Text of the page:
This month, the CUTLINE series on Connecticut Public Television looks at the many ways small, independently owned retail businesses in Connecticut survived the downturn caused by COVID-19.
There is no doubt that small businesses were hit hard by the pandemic. According to the U.S Census Bureau’s Small Business Pulse Survey, 34% of small business owners in Connecticut say the pandemic has had a “large negative effect” on their business -- that’s about 4% higher than the national average.
CUTLINE profiles four businesses, each of which was forced to close its doors on March 23, 2020, by executive order from Gov. Ned Lamont. Rod Cornish, owner of Hot Rod Cafe in New London, said for restaurants like his, the writing was on the wall way before March 23.
He said his first concern was for his employees.
“I tried to be that stabilizing factor for my employees and let them know that it’s gonna be all right,” said Cornish. “So helping figure out what’s the best way to get unemployment, because at first my employees couldn’t get through. So the team, the family really, really came together, and it made me proud.”
“Stay at home” orders forced many businesses to close their doors for good. Felix Reyes, New London’s director of economic development and planning, said new businesses were particularly vulnerable.
“It takes a while for businesses to generate enough revenue where there’s even a profit. It could take years,” said Reyes. “So some of the small businesses that were affected were probably kind of in their first six months to a year just operating, and they just couldn’t sustain all the expenses it takes to start a business. You put your life savings in, and all of a sudden, there’s no revenue coming in. That was very difficult.”
Still, many businesses hung on and are trying to make it work. An important factor was loan programs and grants distributed by the state and local municipalities, as well as the federal government.
Rich Martin, who owns The Telegraph vinyl record store in New London, says he applied for and received a federal Paycheck Protection Program forgivable loan. He said applying for that loan inspired him to apply for more loan and grant programs.
“The city of New London set up a program called Surge that provided small grants to businesses here in New London,” Martin said. “I immediately applied for that and they were very generous with me. It really helped me through the darker days of this. I also was very fortunate. I sort of applied for everything that I could find, any of the grants that were out there. I did receive one rather significant grant from Adobe, the software company. So you just never knew where funds might come from.”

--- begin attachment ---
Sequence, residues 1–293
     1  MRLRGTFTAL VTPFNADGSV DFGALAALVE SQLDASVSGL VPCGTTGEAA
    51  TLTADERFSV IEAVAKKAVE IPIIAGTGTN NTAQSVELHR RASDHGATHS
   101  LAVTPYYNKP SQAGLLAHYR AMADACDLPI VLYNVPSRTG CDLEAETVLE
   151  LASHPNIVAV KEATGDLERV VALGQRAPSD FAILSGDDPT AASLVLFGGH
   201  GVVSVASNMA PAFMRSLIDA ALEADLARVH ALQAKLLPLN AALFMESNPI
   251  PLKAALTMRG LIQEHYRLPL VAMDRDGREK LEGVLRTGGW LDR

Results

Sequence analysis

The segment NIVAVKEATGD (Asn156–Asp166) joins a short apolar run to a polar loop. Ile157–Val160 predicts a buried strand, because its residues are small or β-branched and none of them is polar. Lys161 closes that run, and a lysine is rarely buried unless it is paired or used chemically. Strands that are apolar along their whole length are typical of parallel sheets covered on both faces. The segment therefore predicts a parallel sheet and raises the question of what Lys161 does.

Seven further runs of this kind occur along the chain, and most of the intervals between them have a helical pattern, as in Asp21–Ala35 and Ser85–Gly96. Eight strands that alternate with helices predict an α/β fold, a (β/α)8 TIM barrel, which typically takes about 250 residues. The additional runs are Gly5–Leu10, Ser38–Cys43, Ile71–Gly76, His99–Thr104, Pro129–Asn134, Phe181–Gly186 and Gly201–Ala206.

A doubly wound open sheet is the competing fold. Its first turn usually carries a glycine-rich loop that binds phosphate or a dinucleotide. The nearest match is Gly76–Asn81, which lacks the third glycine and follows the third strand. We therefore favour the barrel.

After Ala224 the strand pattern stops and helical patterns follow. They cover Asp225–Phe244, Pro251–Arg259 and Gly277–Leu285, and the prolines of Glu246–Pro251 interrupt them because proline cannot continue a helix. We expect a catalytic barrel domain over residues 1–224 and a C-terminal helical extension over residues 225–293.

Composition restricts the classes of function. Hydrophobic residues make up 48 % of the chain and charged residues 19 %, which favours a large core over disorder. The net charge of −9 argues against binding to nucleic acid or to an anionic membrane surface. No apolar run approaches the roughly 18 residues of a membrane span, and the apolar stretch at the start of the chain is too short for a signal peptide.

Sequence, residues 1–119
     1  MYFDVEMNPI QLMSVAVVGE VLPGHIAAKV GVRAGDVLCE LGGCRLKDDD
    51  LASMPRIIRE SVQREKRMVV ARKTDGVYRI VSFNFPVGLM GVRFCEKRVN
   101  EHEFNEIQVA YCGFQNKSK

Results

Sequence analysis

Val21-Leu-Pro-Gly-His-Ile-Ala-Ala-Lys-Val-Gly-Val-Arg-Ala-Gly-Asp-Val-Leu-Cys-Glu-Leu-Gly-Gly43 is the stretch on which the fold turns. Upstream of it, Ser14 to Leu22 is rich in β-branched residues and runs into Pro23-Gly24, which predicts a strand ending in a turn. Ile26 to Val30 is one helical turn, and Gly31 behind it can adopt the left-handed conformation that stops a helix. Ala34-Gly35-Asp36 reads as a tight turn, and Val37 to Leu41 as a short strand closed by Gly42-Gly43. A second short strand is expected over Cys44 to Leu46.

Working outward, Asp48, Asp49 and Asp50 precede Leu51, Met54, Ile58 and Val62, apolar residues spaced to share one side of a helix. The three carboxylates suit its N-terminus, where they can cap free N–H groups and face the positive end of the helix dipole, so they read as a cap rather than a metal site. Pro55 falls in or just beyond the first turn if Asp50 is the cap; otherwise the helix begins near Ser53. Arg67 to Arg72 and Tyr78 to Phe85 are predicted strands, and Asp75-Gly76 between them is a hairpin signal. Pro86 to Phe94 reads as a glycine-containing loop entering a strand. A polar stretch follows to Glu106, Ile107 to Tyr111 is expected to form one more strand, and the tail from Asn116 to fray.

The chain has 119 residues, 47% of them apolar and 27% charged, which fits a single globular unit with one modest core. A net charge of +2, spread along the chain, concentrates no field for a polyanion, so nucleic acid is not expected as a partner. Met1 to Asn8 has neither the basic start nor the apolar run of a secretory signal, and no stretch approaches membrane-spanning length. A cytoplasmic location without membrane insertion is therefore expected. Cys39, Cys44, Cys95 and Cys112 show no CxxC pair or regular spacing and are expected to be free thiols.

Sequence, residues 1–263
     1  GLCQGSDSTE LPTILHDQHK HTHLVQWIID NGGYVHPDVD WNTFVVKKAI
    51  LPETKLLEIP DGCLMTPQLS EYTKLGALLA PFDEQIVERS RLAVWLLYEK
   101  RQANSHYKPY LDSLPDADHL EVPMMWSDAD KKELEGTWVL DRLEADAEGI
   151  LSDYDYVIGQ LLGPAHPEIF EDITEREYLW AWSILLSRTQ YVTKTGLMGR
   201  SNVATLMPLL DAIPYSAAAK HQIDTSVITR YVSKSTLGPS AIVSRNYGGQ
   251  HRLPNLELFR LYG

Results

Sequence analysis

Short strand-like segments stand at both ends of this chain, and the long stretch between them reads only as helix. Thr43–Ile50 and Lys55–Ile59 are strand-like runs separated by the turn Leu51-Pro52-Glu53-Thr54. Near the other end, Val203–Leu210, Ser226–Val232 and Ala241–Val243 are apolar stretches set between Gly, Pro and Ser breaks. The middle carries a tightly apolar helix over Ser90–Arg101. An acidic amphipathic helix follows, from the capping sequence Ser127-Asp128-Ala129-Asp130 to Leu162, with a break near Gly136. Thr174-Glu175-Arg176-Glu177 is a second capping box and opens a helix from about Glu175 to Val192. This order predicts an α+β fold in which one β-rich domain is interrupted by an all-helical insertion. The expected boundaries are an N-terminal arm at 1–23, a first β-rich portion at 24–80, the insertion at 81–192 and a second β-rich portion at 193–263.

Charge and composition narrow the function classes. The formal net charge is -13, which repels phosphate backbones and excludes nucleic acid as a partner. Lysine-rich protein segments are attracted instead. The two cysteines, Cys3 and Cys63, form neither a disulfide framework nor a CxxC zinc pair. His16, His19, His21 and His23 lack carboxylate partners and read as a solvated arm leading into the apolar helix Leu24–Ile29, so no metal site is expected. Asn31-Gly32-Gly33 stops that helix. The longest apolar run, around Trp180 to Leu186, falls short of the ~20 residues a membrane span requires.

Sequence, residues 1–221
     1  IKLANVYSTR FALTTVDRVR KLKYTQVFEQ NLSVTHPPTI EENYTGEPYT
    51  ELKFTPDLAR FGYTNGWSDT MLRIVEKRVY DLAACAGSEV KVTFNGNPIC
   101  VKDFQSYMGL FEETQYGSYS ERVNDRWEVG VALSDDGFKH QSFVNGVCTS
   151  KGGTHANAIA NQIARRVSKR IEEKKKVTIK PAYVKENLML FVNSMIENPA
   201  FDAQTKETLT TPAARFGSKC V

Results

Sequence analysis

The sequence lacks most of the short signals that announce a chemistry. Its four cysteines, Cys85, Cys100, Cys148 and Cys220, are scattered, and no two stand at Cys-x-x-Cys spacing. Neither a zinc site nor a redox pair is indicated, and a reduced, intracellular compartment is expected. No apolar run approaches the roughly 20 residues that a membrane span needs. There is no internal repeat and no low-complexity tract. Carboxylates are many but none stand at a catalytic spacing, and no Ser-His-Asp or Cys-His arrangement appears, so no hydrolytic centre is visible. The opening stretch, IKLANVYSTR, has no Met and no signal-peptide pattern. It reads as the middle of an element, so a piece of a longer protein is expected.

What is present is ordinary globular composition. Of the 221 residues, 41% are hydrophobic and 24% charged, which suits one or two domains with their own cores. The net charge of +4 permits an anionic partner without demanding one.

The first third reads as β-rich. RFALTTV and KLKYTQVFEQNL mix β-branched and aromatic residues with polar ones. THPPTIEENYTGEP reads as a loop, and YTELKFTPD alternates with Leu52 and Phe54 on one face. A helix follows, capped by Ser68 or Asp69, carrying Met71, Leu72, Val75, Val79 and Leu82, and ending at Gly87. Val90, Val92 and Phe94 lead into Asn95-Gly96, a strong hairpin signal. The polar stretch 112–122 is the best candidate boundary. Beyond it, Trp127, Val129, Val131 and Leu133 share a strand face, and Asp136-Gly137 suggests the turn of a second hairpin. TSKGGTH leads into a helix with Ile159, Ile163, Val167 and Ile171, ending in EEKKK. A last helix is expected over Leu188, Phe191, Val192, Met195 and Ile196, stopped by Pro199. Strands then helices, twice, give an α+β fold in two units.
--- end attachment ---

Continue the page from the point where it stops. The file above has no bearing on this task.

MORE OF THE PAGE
Grants and loans were an important lifeline, but the businesses profiled in the new CUTLINE episode had to get creative and change how they operated pre-pandemic to keep their businesses afloat.
Rachel DeCavage owns Cinder + Salt, a retail specialty clothing store and silk-screen printing operation. She said she moved her retail space to a smaller, more affordable storefront and moved her silk-screen operation to a factory space in Southington.
DeCavage said the moves paid off.
“So while our retail store was taking a hit, our custom revenue stream was really helpful,” DeCavage said. “We found that a lot of the yoga studios and restaurants that we make custom apparel for had customers that wanted to support them too. Since those customers couldn't go in and practice yoga or eat food ... they could buy a T-shirt to support those companies. So we ended up making a lot of merchandise for other small businesses that they could sell. That really helped us out when things were looking pretty dark.”
Cornish switched to a new point-of-sale takeout system for his restaurant, which kept a steady stream of customers stopping by. With all of the down time, Cornish planted a vegetable and herb garden for use in the restaurant, and he produced and hosted a series of cooking shows on YouTube called “Wingin It!”
CUTLINE: Reimagining Main Street – Preserving Small Business in a Pandemic airs tonight at 8 o’clock on Connecticut Public Television.